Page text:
“And Wilcox is lying,” she said. “(Stillwell) took care of Ryan. She gave him her PIN number for her debit card. And Ryan accepted the responsibility. But he made a horrible decision that led to her death. And so did Wilcox.”
Both Raulerson and Wilcox, Brogden argued, decided that night they needed some money and were going to go rob somebody.
“Wilcox tells you he is ‘half retarded’ and he couldn’t keep his story straight. It is hard to remember when you aren’t telling the truth. He says he was scared of Ryan. Both of them went to Stillwell’s house. Wilcox keeps saying that Raulerson made him do it,” the ADA said.
Brogden noted that the two made two trips to the Stillwell house that night, the first to get money, which they failed to find. Some time after they left Stillwell’s house the first time, they returned.
Then she offered this scenario:
“Ryan kicked the door in. A gun goes off and Stillwell is concerned about her dog. She asked (them) why they shot her dog. They tussled over the gun and she fought for her life. Then they go into the bedroom. Ryan holds her down while Wilcox sexually assaults her. But yet Mr. Wilcox keeps saying ‘he made me do it.’ She put up a fight, yelled for help, kicked him, probably in the face. And Wilcox began punching her in the stomach. She was mad. She probably hurt him when she kicked him in the face and then he hit her in the face with the butt of the gun, knocked her out cold.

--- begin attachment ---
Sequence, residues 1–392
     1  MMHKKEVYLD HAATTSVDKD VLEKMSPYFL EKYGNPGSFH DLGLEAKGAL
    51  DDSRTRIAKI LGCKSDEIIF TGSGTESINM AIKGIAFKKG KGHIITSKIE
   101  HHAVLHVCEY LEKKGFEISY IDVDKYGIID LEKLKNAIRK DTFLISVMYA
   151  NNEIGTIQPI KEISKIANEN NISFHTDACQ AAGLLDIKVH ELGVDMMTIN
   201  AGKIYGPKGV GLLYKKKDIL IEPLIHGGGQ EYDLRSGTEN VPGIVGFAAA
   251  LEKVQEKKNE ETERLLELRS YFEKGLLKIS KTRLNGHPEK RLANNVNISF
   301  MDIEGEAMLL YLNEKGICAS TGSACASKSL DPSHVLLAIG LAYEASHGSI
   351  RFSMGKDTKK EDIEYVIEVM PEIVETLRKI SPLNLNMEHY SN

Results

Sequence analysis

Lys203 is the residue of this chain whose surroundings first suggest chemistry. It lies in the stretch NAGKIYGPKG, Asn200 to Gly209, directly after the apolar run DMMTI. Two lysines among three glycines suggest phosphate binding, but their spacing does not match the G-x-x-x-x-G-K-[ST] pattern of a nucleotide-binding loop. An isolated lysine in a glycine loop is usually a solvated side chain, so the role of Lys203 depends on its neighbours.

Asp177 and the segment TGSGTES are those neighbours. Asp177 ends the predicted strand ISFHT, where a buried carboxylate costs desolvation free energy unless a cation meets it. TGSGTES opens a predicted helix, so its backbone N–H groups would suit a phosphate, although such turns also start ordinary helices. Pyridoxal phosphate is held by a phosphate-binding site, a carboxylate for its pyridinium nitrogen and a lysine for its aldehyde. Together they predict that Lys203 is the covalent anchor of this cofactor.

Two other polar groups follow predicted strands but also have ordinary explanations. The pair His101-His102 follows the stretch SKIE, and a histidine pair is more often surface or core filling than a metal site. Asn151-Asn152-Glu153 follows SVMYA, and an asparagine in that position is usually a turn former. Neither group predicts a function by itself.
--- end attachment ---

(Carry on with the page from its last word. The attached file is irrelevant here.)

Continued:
“Ryan then goes to the kitchen and gets a butcher knife. Wilcox is holding a gun on her and it takes two of them to hold her down. Ryan sat in the witness chair and told you that both of them caused her death.”
After leaving Stillwell for dead, investigators discovered, the two stole her car and drove around Waycross. They got stuck on LeJeune Road and left the car there and ended up walking.
But, Brogden said, before they left Stillwell’s house, they used bleach to clean up the area of the slaying, thinking they would kill DNA, but that they left plenty of evidence.
After finding the car, police went to the Stillwell home looking for the owner. Police found Stillwell dead in her bedroom and began the course of putting the pieces of the puzzle together.
By MYRA THRIFT, Staff Writer